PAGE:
Are bean sprouts good for you?

Bean sprouts are good for most people. They are low in fat, calories and carbs and high in protein and nutrients.
Bean sprouts are good for most people. They are low in fat, calories and carbs and high in protein and nutrients.

Yes, bean sprouts are generally good for most people. They are an excellent option if you are looking for a low-calorie, low-fat, high-protein, low-carb, nutritional food.

Bean sprouts contain fats in traces and the fats present are mostly healthy fats (mono and polyunsaturated).

Although beans themselves are a good source of proteins, sprouting increases the amounts and bioavailability of proteins (average of 5 g a cup).

Bean sprouts or sprouted beans are good as a healthy snacking option, or you can consume them as an add-on to your regular meals. With the presence of a good amount of dietary fiber, they are especially beneficial for people with health issues, such as obesity, high cholesterol levels and diabetes. With their antioxidant potential, they can help prevent heart conditions as well.

Bean sprouts are also packed with vitamins, minerals and antioxidants. A one-cup serving provides roughly 23 percent of the daily recommended dose of vitamin C, making bean sprouts a good source of this vitamin.

Are bean sprouts always safe to eat?

Bean sprouts have received a bad reputation over the years due to reports of bacterial contamination. However, the harmful effects are only found when they have been consumed raw or in lightly cooked form.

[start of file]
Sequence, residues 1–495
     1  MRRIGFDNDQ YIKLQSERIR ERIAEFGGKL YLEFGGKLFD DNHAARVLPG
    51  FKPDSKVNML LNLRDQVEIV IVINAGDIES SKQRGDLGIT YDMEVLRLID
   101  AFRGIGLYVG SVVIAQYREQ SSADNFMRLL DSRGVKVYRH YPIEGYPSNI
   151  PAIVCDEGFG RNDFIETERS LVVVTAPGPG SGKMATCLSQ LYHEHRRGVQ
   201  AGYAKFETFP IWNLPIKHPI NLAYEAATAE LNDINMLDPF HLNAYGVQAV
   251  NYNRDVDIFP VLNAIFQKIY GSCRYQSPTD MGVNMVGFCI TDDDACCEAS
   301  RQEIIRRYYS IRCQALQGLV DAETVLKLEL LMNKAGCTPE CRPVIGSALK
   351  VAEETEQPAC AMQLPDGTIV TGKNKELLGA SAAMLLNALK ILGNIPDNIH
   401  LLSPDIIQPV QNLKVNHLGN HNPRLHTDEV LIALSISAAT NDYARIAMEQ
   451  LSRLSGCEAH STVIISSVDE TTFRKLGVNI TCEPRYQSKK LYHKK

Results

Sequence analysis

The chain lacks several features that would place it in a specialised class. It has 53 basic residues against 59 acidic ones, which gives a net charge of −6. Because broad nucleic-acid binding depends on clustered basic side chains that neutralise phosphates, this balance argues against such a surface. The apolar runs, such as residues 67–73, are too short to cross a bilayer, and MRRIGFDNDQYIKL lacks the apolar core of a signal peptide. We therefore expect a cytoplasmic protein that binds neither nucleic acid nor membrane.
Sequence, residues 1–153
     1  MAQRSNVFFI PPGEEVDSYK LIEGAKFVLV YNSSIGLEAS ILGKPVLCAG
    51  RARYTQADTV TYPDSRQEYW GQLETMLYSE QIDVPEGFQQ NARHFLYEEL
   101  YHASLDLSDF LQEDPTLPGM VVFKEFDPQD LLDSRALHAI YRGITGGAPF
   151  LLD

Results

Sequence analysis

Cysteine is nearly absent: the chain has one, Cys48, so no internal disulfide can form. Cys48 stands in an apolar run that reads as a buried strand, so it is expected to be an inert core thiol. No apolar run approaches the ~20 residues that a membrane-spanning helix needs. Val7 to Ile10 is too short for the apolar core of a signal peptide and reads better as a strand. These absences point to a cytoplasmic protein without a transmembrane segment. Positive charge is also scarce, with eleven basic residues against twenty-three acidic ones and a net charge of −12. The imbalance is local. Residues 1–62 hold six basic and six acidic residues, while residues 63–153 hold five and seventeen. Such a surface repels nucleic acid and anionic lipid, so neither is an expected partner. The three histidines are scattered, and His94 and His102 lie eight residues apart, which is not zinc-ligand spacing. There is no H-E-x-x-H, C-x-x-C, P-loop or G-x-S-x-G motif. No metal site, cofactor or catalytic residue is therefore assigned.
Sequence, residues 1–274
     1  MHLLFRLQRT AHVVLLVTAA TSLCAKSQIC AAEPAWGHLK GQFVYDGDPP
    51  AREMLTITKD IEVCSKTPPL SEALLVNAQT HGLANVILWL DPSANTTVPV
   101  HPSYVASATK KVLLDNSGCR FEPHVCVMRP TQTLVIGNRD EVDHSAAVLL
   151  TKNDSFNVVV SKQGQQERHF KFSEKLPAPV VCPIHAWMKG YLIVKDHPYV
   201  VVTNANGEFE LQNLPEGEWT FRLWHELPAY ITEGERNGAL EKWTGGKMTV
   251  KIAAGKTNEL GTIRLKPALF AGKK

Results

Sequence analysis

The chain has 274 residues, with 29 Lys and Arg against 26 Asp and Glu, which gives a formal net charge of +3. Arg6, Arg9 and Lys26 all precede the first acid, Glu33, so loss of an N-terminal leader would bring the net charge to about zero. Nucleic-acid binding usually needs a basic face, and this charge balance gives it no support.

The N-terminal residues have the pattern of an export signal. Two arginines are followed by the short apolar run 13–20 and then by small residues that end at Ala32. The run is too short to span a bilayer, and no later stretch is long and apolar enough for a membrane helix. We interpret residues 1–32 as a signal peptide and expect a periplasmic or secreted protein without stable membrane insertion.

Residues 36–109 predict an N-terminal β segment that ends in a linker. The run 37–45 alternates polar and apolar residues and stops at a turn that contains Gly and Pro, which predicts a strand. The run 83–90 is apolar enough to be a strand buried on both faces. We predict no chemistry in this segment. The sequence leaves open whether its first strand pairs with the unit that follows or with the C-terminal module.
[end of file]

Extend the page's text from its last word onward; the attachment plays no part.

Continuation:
Raw bean sprouts are not safe for you to eat if you have a weakened immune system due to diseases, such as human immunodeficiency virus (HIV) infection or cancer. Due to their water content, raw bean sprouts can harbor bacteria and cause gut infection. This can cause digestive issues, such as diarrhea, bloating, nausea and vomiting. If you have a weakened immunity due to diseases or if you think that you have weak immunity, eat them only after you cook them fully.

Pregnant ladies and children should also eat only fully cooked bean sprouts due to the risk of food poisoning. Avoid any form of sprouted beans in children younger than 24 months old.

People with soy allergies should not consume soybean sprouts.

Even if you are healthy, wash the sprouts well under the water before eating them raw.

How to grow bean sprouts at home

Bean sprouts are easy to prepare at home. You just need the beans, a container with a lid, water and a dark place. Mung bean or green gram (Vigna radiata) and alfalfa are mostly used for sprouting, but almost any seed or legume can be used. Here are the steps.

  • Rinse the beans first.
  • Soak the beans in the closed container filled with water overnight in a place away from sunlight, preferably in a dark place.
  • The next day, the beans swell. Remove the water and close the container to allow the beans to grow for the next two days.
  • After two days, you will see the sprouts developed on the beans. Sprouted mung beans look half-white with a yellow tip.

Once the sprouts come, consume them on the same day. You can also store them in the vegetable drawer of the refrigerator for a maximum of two days.

If you are looking to buy bean sprouts from the store, they are available all year. Choose the ones that are white and shiny with a bright yellow tip. To confirm if they are fresh, try breaking the sprout. If they are fresh, you will hear a sharp sound.

How to eat bean sprouts

Bean sprouts can be eaten raw and by boiling or stir-frying them. You can consume the boiled bean sprouts or add them to  soups. You can also cook them in the form of a curry. You can add the boiled or the stir-fried sprouts to

  • Vegetable salad
  • Noodles
  • Pasta
  • Spring rolls
  • Sandwiches
  • Desserts

Bean sprouts can be cooked with other vegetables, such as zucchini, carrots, bell peppers, eggplants and leeks. Their crunchy and light flavor usually goes well with most food items.

QUESTION

According to the USDA, there is no difference between a “portion” and a “serving.” See Answer

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Medically Reviewed on 2/24/2021
References
Medscape Medical Reference

EatRight


Louis Bonduelle Foundation


U.S. Department of Agriculture